profit from challenging Allergan’s patent for glaucoma drug Combigan. He
only said that he sees "multiple pathways to monetization."

Questions about outsiders challenging patents are "a distraction from the
core public policy issue of monopolistic pricing for branded
pharmaceuticals with low-quality patents," he said.
The pharmaceutical and biotech industries don’t agree. The petition against
Allergan, after it’s been upheld by the courts, is "illustrative of
something that’s out of kilter," Sauer said.

Prominent User

Allergan’s patent was upheld only because the courts used a more stringent
standard of review, Barnes said. The impact of Ferrum Ferro’s patent
challenge to the drugmaker’s stock was minimal. Combigan and two other
treatments generated only $515.4 million of the company’s $7.2 billion in
sales last year. And Allergan, also known as the maker of Botox, was
acquired this week by Actavis Plc for $70.5 billion.

Bonnie Jacobs, a spokeswoman for Allergan, said the company had no comment
on the petition.
While Ferrum Ferro may be pushing the envelope by challenging a patent that
was upheld in court, Bass’s Hayman Capital Management has been the most
prominent user of the hedge-fund strategy. Bass has pledged to challenge
patents on numerous medications, accusing the drugmakers of misusing the
patent system to keep drug prices high and low-cost copies away from

Bass declined to comment for this story and, in particular, on whether he
is shorting the stock.

Stock Drops

His first petitions targeted two of the five patents covering multiple
sclerosis drug Ampyra, which accounts for 91 percent of the revenue of
Acorda Therapeutics Inc. Acorda’s stock dropped after each of the filings:
by 9.7 percent on Feb. 10 and 4.8 percent on Feb. 27.
A variation of Ampyra’s active ingredient has been around for almost 100
years, and the patents don’t cover anything new, Bass’s Coalition for
Affordable Drugs said in its petitions.

Acorda declined to comment.

The call for Congress to alter the rules puts drugmakers at odds with some
technology companies, which say the new process has been a cheap and
efficient way to get rid of nuisance lawsuits and "patent trolls" -- a
pejorative term for firms that buy patents with the goal of suing to
extract settlements.

For companies like Apple Inc. and Google Inc., which get sued the most in
the U.S., the reviews are a counterbalance to the courts in the Eastern
District of Texas, now No. 2 for patent disputes, which is where many
patent-licensing firms sue because of its reputation for being favorable to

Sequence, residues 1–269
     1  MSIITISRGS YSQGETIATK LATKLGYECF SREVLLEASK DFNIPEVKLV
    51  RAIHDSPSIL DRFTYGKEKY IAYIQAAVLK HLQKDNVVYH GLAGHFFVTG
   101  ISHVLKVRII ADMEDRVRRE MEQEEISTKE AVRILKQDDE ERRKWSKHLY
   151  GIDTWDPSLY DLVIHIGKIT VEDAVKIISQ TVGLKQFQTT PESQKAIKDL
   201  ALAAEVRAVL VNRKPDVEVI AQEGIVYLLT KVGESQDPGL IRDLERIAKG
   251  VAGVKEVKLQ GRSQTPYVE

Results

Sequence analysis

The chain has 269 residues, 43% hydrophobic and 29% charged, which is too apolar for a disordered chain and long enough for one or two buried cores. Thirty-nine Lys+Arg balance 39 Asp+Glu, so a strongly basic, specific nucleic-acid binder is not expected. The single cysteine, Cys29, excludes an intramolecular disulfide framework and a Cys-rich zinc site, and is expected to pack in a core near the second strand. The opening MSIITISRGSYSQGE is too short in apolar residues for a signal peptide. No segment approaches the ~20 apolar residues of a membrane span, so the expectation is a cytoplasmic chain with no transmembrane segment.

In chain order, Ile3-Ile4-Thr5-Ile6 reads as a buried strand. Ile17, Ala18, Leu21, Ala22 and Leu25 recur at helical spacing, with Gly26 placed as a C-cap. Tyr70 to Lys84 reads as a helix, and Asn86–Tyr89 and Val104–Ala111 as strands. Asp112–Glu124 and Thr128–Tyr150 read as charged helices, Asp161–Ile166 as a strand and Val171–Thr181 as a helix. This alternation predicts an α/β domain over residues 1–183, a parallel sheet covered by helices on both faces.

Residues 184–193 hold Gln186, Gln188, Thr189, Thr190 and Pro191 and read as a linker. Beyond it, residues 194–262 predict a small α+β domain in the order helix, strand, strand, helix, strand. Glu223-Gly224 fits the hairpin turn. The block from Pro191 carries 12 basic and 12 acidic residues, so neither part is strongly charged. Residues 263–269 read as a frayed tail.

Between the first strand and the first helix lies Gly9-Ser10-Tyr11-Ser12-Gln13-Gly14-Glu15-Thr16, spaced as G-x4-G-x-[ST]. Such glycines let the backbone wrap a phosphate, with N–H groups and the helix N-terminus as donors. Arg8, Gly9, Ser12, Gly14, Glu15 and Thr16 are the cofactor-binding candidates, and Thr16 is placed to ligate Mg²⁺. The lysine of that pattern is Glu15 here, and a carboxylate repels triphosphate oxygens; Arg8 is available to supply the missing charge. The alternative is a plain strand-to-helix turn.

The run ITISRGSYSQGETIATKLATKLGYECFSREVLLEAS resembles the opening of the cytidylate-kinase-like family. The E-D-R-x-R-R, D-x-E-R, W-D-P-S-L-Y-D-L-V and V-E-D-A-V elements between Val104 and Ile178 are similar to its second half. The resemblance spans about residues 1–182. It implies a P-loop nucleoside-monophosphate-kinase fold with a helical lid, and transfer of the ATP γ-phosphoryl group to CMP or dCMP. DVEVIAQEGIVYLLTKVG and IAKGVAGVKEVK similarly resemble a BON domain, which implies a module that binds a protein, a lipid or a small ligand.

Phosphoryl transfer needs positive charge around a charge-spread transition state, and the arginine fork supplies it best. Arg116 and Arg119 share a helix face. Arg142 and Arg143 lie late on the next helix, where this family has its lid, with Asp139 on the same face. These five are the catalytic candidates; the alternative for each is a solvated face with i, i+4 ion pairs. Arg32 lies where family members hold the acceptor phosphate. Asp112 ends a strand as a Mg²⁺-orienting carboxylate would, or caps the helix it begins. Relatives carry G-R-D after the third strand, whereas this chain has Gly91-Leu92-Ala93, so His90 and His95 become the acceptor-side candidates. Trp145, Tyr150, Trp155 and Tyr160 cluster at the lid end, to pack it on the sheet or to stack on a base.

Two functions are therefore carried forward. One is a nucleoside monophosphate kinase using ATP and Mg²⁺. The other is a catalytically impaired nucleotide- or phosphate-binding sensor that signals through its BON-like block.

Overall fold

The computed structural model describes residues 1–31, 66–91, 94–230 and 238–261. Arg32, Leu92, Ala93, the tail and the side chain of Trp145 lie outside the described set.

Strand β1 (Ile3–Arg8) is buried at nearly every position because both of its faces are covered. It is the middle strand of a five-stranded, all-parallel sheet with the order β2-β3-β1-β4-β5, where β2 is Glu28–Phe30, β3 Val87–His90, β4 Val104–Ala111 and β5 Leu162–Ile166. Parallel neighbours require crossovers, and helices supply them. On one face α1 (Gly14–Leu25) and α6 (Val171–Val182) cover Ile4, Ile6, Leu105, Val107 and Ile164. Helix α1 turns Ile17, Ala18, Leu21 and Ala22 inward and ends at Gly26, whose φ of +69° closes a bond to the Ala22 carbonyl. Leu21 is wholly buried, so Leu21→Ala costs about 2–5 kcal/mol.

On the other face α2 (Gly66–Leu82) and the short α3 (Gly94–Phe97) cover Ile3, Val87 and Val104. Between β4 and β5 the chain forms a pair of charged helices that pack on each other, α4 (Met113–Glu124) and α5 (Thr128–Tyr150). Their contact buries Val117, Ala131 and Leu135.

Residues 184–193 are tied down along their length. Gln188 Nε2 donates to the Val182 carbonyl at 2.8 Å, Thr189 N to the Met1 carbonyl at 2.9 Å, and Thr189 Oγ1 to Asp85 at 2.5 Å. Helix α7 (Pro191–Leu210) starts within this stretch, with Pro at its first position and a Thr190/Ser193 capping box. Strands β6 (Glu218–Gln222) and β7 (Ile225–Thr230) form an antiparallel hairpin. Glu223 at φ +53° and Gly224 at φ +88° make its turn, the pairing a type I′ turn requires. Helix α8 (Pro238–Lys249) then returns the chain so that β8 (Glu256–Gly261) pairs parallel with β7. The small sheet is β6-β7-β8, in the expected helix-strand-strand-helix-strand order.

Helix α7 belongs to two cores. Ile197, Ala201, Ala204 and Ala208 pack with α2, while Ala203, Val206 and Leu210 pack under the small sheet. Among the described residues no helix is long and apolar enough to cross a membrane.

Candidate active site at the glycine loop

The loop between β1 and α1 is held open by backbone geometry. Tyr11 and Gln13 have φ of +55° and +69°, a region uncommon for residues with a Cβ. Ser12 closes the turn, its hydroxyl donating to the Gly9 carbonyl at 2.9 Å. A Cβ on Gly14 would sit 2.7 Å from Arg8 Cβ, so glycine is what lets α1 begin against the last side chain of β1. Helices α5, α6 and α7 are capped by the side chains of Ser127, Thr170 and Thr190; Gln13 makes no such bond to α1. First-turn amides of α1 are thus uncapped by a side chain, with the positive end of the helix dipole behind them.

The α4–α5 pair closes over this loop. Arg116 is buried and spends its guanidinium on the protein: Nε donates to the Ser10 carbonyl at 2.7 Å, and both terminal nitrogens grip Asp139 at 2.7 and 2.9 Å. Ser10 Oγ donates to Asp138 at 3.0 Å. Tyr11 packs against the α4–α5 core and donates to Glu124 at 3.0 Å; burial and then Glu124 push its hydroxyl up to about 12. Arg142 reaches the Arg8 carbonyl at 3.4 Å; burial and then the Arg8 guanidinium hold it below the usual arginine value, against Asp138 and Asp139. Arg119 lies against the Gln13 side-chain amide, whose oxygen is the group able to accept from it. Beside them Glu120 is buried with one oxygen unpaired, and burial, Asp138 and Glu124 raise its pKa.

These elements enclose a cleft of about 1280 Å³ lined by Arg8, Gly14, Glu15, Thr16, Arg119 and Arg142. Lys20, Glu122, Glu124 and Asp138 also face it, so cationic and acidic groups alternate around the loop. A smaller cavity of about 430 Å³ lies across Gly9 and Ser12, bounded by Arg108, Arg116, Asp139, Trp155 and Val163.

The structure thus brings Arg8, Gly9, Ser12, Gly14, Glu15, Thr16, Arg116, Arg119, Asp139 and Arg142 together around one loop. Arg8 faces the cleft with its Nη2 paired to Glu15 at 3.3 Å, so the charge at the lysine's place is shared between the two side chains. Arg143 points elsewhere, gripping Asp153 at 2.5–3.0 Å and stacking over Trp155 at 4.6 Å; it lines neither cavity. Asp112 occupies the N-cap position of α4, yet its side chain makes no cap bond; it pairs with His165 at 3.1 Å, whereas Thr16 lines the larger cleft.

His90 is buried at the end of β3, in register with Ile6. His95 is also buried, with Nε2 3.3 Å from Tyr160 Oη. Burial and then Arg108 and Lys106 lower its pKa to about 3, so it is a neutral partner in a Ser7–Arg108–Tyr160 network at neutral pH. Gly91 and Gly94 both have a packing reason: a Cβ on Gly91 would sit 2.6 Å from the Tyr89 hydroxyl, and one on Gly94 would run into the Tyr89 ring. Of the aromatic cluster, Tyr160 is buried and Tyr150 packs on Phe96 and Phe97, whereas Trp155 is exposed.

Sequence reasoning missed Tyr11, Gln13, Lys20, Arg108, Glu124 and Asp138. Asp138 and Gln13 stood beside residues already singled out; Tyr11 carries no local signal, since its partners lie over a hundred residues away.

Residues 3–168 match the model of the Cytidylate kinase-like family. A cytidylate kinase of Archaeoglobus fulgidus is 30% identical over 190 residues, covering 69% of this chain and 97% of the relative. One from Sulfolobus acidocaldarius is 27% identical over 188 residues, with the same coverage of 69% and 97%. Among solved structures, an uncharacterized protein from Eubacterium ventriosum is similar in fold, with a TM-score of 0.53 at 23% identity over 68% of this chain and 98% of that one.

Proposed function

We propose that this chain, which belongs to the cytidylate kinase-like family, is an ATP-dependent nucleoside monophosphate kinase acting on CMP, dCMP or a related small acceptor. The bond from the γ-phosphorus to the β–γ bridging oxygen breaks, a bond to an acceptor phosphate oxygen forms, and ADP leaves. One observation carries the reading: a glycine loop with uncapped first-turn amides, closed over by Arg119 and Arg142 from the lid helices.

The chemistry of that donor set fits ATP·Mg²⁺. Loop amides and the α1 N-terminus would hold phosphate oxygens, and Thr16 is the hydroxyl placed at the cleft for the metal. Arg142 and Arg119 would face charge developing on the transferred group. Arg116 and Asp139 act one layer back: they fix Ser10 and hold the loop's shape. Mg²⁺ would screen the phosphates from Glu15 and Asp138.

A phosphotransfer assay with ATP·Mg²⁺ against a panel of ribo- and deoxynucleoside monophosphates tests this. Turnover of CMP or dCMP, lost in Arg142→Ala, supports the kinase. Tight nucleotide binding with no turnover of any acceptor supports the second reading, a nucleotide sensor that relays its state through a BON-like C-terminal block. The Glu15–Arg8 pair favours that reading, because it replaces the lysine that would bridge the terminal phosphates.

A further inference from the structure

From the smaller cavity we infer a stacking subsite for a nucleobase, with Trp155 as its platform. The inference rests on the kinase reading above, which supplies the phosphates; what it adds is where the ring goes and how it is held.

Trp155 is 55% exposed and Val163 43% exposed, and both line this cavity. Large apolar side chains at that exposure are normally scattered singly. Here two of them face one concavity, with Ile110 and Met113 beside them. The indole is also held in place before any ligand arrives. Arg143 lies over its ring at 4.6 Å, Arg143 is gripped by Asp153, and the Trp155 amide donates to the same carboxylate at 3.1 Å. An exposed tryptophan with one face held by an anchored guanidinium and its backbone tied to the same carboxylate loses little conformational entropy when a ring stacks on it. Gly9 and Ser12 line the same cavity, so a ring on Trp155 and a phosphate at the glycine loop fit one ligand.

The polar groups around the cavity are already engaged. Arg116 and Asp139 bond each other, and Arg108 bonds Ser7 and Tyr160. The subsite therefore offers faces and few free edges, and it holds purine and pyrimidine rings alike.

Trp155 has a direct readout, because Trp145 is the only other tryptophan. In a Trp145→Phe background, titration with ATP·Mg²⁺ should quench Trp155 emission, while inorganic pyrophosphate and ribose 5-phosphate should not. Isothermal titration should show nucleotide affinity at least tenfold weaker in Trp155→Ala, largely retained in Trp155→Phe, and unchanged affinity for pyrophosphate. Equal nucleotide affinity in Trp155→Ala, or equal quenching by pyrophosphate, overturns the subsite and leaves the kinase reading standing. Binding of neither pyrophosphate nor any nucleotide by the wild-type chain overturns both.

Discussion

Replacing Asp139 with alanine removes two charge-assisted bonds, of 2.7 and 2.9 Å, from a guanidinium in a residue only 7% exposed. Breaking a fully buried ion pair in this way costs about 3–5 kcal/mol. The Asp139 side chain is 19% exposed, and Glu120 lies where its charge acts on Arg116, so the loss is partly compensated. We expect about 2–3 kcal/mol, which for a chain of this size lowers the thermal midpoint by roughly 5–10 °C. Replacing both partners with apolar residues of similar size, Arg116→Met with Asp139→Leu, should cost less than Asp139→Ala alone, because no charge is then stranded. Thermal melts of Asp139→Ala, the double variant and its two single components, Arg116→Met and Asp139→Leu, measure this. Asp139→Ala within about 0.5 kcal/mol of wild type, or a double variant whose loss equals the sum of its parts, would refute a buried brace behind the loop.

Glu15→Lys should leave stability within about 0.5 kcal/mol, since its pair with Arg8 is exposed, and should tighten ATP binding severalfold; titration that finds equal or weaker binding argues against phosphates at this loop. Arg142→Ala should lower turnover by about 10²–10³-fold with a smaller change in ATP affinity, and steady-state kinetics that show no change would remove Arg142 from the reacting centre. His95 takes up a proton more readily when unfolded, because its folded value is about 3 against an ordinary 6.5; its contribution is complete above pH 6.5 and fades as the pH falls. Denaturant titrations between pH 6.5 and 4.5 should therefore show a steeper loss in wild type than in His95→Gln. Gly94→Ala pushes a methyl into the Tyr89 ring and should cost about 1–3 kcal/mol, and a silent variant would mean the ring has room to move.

patent owners.

12 Percent

Some 1,675 petitions were filed at the patent office in 2014, and
two-thirds of them were in the high-tech fields. Medical-related petitions
accounted for 12 percent, according to Unified Patents, which pools the
resources of tech companies to fend off patent claims.
The bulk of the health-related petitions are by generic-drug companies.
Apotex Inc. and Mylan NV were the top challengers, according to Docket
Alarm's Sander, who is also a lawyer with Kenyon & Kenyon in New York.

Life sciences companies are different than technology companies in that a
challenge to one or two of their patents can become an "existential
threat," Sauer said. "You don’t have that with a tech company."

A U.S. appeals court has upheld the agency’s rules for how the reviews are
conducted, though on March 18 patent office Director Michelle Lee said her
office is working to make changes based on feedback from users and the
patent judges.

"The agency is open to considering changes to ensure the most effective and
fair" trials in compliance with the law, Lee said. "We don’t claim we have
created a perfect system on our first try."

To contact the reporters on this story: Susan Decker in Washington at
sdecker1 at bloomberg.net; Caroline Chen in San Francisco at
cchen509 at bloomberg.net
To contact the editors responsible for this story: Crayton Harrison at
tharrison5 at bloomberg.net; Jon Morgan at jmorgan97 at bloomberg.net Elizabeth
Wasserman, Drew Armstrong, Niamh Ring

James Love.  Knowledge Ecology International
KEI DC tel: +1.202.332.2670, US Mobile: +1.202.361.3040, Geneva Mobile:
+41.76.413.6584, twitter.com/jamie_love